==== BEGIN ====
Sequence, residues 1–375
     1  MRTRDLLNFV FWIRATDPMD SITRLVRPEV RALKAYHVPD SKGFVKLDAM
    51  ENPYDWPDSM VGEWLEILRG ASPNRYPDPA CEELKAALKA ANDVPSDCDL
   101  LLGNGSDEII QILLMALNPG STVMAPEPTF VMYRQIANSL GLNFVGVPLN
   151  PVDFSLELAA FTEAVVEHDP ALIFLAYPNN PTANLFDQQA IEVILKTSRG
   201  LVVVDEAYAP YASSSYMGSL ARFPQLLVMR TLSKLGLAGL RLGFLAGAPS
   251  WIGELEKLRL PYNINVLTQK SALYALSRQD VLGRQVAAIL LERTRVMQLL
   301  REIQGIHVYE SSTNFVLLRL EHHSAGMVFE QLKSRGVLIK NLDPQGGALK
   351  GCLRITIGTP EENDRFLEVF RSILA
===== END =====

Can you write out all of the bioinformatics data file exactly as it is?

Sequence, residues 1–375
     1  MRTRDLLNFV FWIRATDPMD SITRLVRPEV RALKAYHVPD SKGFVKLDAM
    51  ENPYDWPDSM VGEWLEILRG ASPNRYPDPA CEELKAALKA ANDVPSDCDL
   101  LLGNGSDEII QILLMALNPG STVMAPEPTF VMYRQIANSL GLNFVGVPLN
   151  PVDFSLELAA FTEAVVEHDP ALIFLAYPNN PTANLFDQQA IEVILKTSRG
   201  LVVVDEAYAP YASSSYMGSL ARFPQLLVMR TLSKLGLAGL RLGFLAGAPS
   251  WIGELEKLRL PYNINVLTQK SALYALSRQD VLGRQVAAIL LERTRVMQLL
   301  REIQGIHVYE SSTNFVLLRL EHHSAGMVFE QLKSRGVLIK NLDPQGGALK
   351  GCLRITIGTP EENDRFLEVF RSILA